However, I do switch back and forth in the classroom. I have no problem revealing what kind of a speaker I can be outside of the classroom. For the immigrants I teach, I believe this is actually quite useful. I model different styles of pronunciation for the benefit of the students/learners. They're aware of it, and I believe they appreciate it.

Hi, you guys!
Tdol, my accent switches a little in the same way as yours did when talking with your cockney friend, but like you, I don't go the whole hog, either:-)) This "code-switching" could be likened to a paint sample, where the colours are very subtly graded, and I'm not really sure if it's an unconscious adaptation or a couple of other things. Cockney, like strong Brissol (Bristol to you, Captain x-mode) might be so strong as to dominate an R.P. accent. (Always supposing one could call R.P. an accent.....but that will be for another time). So how and why does this domination occur --and I add a fraffly fraffly accent to the dominant ones also. They have heavy leanings on the consonants and vowels. You can almost see the vocal cords of a Cockney or a Zummerset man being like cords of rope, twice as thick as those of the R.P. er. More manly , somehow, and very earthy, although of course it depends on the speaker.I know lots of manly (and womanly R.P.ers). But just imagine the effect! It also seems to me that with your non R.P.er the volume is turned up. Let's compare :
"Excuse me, could you tell me how to get to Horfield?" (R.P. er)
"Wot? 'Oarrfield? Oi dunno, me loverrrrrrr! 'ave ta arrsk summin else, won't ya! Cheerrrs."
And then there's poor "Frightfully, frightfully," whose facial muscles twist and turn in the spitting out of his words, accompanied by rictuses (ricti?) horrible to behold, tempting me to say, "Watch it, if the wind changes, your face might stay like that."
(All scrunched up).
So, a little like chameleons, and also to join with our friend, we take just a smidge of another's accent/register, whatever you want to call it, and then revert back to our "own" when we go and have tea at Mummy's.
Then there's :to be or not be a pariah? When all your friends are "Yo-ing," and using words you have never heard before, they're cutting you out.
You are rejected, and wander off home, a saddened, soggy (it's raining) linguistic outcast.

And code-switching as an opportunity, or to be a mysterious femme fatale : Opportunity : A very attractive man gets on the bus, by his face and demeanor he is British. You tread on his feet, or he treads on yours, but you both exclaim, "Oh!! I'm terribly sorry!", thus betraying your common origins.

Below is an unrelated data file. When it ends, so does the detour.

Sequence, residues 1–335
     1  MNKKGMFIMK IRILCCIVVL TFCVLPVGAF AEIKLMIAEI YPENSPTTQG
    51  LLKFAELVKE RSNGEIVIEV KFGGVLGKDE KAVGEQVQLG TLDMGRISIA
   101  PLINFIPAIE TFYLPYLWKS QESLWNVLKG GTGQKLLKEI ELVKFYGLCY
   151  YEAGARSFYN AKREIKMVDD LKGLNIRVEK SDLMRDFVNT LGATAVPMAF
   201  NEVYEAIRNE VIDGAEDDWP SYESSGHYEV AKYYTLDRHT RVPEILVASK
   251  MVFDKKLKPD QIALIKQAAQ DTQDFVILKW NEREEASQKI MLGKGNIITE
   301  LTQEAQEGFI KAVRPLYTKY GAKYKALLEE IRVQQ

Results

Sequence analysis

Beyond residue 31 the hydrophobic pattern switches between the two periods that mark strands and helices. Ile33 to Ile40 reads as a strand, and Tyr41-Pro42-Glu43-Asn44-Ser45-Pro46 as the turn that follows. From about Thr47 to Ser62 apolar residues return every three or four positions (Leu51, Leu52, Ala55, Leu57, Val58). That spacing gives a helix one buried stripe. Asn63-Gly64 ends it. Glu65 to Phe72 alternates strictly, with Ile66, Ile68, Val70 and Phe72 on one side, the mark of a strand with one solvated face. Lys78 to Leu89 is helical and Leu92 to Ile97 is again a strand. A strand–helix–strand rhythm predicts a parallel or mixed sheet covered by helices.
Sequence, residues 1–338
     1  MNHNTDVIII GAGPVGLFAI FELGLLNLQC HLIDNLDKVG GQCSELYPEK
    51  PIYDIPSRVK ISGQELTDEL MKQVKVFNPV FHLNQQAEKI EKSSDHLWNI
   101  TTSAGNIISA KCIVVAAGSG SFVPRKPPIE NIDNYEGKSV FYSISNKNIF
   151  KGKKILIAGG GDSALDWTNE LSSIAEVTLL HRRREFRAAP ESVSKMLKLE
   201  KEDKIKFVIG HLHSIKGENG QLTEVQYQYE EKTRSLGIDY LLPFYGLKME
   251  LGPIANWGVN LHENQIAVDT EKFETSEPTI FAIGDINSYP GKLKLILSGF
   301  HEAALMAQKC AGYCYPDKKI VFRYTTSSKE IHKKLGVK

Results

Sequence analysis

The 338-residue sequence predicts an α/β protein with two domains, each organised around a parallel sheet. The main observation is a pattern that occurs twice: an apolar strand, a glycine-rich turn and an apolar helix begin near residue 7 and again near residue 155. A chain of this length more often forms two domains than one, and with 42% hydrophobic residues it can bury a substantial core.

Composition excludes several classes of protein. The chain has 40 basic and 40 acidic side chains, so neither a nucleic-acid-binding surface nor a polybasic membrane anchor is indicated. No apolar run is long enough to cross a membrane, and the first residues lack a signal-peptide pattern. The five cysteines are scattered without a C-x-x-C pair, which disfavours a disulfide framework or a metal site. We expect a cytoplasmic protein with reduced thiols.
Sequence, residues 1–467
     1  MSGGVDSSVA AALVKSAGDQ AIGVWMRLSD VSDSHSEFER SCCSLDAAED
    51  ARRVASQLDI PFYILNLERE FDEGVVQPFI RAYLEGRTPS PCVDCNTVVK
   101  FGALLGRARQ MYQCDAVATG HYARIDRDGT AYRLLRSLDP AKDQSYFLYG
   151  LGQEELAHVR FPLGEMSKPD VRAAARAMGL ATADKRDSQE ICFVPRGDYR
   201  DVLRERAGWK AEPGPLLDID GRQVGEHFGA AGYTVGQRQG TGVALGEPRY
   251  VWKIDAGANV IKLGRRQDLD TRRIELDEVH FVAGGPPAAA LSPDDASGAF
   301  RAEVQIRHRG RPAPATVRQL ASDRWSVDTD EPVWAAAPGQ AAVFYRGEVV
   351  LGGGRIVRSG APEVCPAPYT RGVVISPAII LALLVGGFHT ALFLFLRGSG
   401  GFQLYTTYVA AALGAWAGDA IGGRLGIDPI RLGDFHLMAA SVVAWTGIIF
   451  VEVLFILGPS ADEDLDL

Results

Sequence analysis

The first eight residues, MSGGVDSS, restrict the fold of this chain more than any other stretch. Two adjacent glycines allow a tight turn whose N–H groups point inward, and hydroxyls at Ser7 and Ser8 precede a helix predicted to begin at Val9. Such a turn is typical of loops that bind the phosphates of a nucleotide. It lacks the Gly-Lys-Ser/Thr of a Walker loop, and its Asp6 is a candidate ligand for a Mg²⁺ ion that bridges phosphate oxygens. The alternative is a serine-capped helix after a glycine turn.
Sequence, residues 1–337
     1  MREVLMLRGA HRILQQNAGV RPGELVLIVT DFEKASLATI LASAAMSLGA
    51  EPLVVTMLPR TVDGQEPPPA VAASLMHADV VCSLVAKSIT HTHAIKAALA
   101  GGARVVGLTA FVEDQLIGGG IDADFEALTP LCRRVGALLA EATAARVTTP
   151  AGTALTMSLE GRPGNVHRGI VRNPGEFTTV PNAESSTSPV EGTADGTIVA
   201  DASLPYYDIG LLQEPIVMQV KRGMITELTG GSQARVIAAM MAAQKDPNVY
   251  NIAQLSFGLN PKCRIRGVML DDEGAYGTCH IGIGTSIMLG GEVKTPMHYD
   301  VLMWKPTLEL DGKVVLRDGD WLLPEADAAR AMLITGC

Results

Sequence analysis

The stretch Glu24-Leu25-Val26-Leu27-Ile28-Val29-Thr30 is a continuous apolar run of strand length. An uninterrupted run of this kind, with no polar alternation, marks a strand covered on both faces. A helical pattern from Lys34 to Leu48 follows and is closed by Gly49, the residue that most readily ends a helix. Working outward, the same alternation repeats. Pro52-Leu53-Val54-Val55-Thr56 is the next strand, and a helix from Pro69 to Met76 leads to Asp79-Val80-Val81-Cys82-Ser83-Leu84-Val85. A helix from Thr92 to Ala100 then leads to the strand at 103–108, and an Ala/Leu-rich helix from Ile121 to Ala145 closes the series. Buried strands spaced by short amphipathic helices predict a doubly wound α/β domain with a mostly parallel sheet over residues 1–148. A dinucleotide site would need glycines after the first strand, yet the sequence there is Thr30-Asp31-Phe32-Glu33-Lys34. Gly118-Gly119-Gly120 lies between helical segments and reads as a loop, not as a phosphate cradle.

A polite pause, while eye contact is broken, and then the conversation begins. Hanging on to the bus straps, buffeted by little old ladies, by the time you've reached the terminus, you now have a solid contact in Manchester, in the garment industry, with whom you can stay, and who has ordered three thousand saris from your factory in Karachi.

The mysterious femme fatale : you'll see her looking disdainfully at you at the cosmetics counter not really "selling " Lancome or Vichy, she just happens to be there, with a totally indecipherable but attractive accent. "Are you Greek?" you boldly ask. Not a muscle moves, "No. I am not." She doesn't offer anything more, .........and so it goes. You're hooked after an hour, and it turns out she comes from Southampton.

Now I must go and because I've just been to the desntist and it's raining, am taking a cab home, and will order it in regal tones (not to be confused with "frightfully frightfully" ones--------frafflies must use a lot of Botox-------"Yes. Diamond taxi? This is Doctor------, and I'd like a smoking taxi please."
They zoom in at a fraction of the time if you had announced you were Edna Bloggs. Are we not all chameleons to an extent? And it's not adaptation.
More on what I mean by that, next time.:-))))

And now it's good night from him and goodnight from me!

Code-switching : Visually I can see the linesman on the railway track, switching the tracks so that two trains split as they run parallel to each other and then clatter off into the night , the communication and the collision(!) averted.Dialect is sometimes very difficult to understand unless you have had sufficient exposure to it, or, you learned it at your mother's knee. An Andean Indian will speak his own language,a proud tradition from his Mayan or Incan ancestors. Is this dialect or a separate language? In order to "get on" in life, he must, if he is lucky, learn Spanish.Just as a Haitian speaking creole in a dominantly French speaking country will speak impeccable French when he has to. And a heavy Joual speaker in Quebec will have great difficulties if his joual is so entrenched that he cannot code switch. I knew a couple of Joual speakers who were so frustrated that other Quebecquois could not understand them that they gave up dispiritedly and went back up North or to another rural area.
So the ability to "hear" another dialect or language, when it is close to your own, is important, for to able to "code-switch" means you find a common ground with others and your fields of communication are broadened. Why, in this instance, may one person have this ability and another, not? Is code-switching dependent on innate linguistic skills, like having a "good ear" for languages? If you are tone deaf, is it then harder to jump onto the other train before the linesman changes tracks?